Badri Japaridze: “When you had a catastrophic economic downturn and you measure the numbers from there whilst taking pride in this as growth, this is like throwing dust in everyone’s eyes.”
Verdict: FactCheck concludes that Badri Japaridze’s statement is MOSTLY FALSE.
In April 2020, the economy decreased by 16.6% as a result of stringent pandemic-related restrictions. Therefore, it was expected that the economic growth rate would be in double digits under less restrictions in April 2021 as compared to the previous April and highlighting high economic growth in these circumstances would be manipulative. However, the 44.8% economic growth in April 2021 did exceed all reasonable expectations. However, there are still some unanswered questions in regard to the factors stipulating such a high growth.
The 44.8% economic growth in April 2021 implies that the economy increased by 20.7% as compared to April 2021. This means that the economic growth in April 2021 not only offsets the base effect of the 16.6% economic downturn in April 2020 but still constitutes a substantially high growth rate even without the drop. Therefore, Badri Japaridze’s statement is not true. Although, naturally, some portion of the 44.8% economic growth is because of the base effect. Mr Japaridze’s statement would have been relevant if the economic growth rate in April 2021 had stayed within the margins of 20-25% as was reasonably expected among the public.
Of note is that the spirit of Badri Japaridze’s statement is partially right when he decries “loud” statements as groundless since they are only based on one-month data. Under the current circumstances when Georgia’s economy is already small, an even smaller monthly figure (base) vis-à-vis the economy can be technically out of place from the big picture. This can happen by delaying certain activities that had to be done in the previous month or vice versa by doing something ahead of schedule. This is particularly true when general economic procedures and decisions remain unstable in light of ever-changing regulations and a higher degree of uncertainty (they are either delayed or enacted ahead of time).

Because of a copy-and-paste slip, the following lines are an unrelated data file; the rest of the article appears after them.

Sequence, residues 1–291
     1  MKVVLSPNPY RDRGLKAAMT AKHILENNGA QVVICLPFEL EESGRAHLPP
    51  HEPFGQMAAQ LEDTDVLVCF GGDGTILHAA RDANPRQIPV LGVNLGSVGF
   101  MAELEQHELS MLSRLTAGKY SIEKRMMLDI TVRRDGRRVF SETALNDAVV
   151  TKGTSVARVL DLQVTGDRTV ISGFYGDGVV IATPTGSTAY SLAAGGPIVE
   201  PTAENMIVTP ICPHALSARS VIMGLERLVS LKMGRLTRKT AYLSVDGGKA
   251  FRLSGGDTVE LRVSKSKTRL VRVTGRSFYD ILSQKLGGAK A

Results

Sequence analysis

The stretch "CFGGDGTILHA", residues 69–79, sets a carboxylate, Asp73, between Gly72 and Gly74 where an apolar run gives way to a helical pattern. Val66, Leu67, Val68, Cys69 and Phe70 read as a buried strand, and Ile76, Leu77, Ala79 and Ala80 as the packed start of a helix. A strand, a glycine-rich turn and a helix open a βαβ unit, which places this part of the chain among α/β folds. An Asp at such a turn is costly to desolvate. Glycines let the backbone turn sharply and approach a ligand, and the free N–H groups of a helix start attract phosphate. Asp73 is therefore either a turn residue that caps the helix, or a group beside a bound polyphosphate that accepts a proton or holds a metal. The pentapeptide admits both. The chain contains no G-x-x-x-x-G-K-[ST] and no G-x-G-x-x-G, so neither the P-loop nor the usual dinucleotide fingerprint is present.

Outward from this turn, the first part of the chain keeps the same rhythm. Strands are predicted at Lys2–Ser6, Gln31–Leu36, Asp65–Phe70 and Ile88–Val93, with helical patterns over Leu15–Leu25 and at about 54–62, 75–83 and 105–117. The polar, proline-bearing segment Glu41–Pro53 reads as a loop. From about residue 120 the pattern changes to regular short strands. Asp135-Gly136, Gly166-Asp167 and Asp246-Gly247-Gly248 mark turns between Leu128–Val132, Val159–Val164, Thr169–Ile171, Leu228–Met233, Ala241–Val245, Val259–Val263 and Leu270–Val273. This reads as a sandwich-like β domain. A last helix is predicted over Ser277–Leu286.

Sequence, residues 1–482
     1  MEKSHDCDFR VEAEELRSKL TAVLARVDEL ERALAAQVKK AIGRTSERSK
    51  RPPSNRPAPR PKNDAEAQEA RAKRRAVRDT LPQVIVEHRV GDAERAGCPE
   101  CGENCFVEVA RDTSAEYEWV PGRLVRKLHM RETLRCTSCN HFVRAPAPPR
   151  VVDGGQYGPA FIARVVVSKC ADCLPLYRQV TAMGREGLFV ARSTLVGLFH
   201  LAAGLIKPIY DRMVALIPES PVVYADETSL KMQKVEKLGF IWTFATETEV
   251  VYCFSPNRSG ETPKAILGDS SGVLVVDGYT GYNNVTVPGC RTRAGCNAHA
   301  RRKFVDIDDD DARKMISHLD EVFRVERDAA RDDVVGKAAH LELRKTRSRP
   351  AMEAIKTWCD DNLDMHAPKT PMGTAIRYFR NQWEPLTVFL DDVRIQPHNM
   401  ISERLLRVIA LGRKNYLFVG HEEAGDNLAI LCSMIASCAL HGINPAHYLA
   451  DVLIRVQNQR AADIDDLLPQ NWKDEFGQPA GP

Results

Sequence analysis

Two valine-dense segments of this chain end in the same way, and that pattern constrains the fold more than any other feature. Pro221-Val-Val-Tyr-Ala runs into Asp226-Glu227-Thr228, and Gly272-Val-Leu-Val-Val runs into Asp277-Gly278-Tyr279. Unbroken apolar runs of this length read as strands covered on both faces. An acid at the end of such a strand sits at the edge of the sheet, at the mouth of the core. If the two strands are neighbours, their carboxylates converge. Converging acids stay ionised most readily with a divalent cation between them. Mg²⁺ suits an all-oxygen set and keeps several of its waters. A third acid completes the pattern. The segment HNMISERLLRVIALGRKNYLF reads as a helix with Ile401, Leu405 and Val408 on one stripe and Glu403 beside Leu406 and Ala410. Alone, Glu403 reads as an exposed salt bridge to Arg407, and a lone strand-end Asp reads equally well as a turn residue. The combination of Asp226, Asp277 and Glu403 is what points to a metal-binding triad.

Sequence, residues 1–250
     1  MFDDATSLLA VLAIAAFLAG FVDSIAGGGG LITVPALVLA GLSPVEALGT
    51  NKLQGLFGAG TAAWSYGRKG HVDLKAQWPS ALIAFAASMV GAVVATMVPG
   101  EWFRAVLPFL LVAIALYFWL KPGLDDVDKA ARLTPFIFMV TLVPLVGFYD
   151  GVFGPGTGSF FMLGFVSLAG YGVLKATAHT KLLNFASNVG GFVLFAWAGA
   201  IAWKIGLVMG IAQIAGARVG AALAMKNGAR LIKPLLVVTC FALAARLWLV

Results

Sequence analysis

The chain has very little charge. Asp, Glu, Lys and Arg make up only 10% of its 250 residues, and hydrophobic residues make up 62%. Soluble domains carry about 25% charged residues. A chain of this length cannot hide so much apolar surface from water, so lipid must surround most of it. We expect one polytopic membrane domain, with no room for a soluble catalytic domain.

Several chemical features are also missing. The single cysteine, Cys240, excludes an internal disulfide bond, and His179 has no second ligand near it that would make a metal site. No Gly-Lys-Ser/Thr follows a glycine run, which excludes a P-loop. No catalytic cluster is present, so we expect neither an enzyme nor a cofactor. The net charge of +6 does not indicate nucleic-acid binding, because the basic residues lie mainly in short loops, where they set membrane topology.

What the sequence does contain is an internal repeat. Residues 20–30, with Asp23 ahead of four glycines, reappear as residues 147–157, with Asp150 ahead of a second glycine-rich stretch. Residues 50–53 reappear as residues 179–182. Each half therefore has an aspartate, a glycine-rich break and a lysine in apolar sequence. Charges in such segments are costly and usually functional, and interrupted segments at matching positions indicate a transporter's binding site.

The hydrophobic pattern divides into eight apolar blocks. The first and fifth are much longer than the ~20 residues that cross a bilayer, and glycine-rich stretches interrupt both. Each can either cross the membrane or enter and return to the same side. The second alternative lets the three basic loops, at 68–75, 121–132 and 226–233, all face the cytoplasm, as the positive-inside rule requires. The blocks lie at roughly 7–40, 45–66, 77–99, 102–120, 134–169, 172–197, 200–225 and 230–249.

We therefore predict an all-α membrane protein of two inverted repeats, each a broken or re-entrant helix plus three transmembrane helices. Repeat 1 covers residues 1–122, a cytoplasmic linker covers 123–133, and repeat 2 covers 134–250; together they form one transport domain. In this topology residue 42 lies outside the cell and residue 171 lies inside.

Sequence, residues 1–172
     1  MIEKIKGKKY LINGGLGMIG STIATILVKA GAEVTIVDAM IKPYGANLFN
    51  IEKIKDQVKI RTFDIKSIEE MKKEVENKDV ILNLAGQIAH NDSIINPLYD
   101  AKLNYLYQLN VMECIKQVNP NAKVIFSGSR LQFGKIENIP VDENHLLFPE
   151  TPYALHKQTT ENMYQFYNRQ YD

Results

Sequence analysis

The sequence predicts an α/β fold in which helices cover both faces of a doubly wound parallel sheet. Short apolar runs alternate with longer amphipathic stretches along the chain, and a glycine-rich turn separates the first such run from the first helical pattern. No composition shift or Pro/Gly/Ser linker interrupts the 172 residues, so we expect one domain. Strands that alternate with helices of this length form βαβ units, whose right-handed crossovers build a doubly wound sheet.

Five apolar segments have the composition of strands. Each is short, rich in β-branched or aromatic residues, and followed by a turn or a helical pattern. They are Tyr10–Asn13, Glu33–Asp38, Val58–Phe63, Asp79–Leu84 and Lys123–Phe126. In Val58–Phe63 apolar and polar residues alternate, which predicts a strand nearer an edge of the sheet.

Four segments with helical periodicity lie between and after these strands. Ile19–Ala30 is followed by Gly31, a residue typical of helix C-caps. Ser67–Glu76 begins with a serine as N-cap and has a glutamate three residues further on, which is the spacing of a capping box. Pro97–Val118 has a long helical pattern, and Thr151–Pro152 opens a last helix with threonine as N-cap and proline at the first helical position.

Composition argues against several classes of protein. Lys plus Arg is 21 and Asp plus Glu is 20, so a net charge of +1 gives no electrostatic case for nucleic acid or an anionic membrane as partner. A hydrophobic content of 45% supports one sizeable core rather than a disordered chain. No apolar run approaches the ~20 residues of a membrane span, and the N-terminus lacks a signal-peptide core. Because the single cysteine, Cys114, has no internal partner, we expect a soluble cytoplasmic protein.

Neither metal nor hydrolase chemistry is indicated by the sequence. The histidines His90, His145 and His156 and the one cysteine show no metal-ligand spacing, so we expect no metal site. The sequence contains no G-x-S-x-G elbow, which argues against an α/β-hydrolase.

The leader of the Lelo for Georgia political party, Badri Japaridze, speaking about the 2021 economic growth data, stated: “When you had a catastrophic economic downturn and you measure the numbers from there whilst taking pride in this as growth, this is like throwing dust in everyone’s eyes.”
According to the preliminary assessment of the National Statistics Office of Georgia, the real gross domestic product (GDP) growth in April 2021 was 44.8% as compared to the same period of the previous year. At the same time, the average economic growth rate of the first four months of 2021 is 8.1%. In March 2021, the real GDP growth was 4.0% as compared to the same period of the previous year whilst average real economic decline in the first quarter was -4.2%.
Graph 1: Economic Growth in 2019-2021, Monthly Data
Source: National Statistics Office of Georgia
Naturally, some questions were raised among the public in regard to the April 2021 economic growth rate. To some extent, it was expected to have a high double-digit economic growth rate in April 2021 since the economy shrank by 16.6% in April 2020 owing to stringent restrictions. However, the 44.8% economic growth in April 2021 implies that the economy increased by 20.7% as compared to April 2021. This means that the economic growth in April 2021 not only offsets the base effect of the 16.6% economic downturn in April 2020 but constitutes a substantially high growth as compared to the general trend.
At the same, the GDP in March 2021 increased by 1.2% as compared to March 2019. There are some questions about this since no major pandemic-related restrictions were lifted in April 2021 as opposed to March and the stringency index remained at the same level.
According to the information of the National Statistics Office of Georgia, the following fields registered growth in April 2021 as compared to April 2020: the processing industry, construction, trade, transportation and warehousing, hotels and restaurants, financial and insurance business, real estate and professional, scientific and technical activities. The mining industry, however, showed a trend of decrease.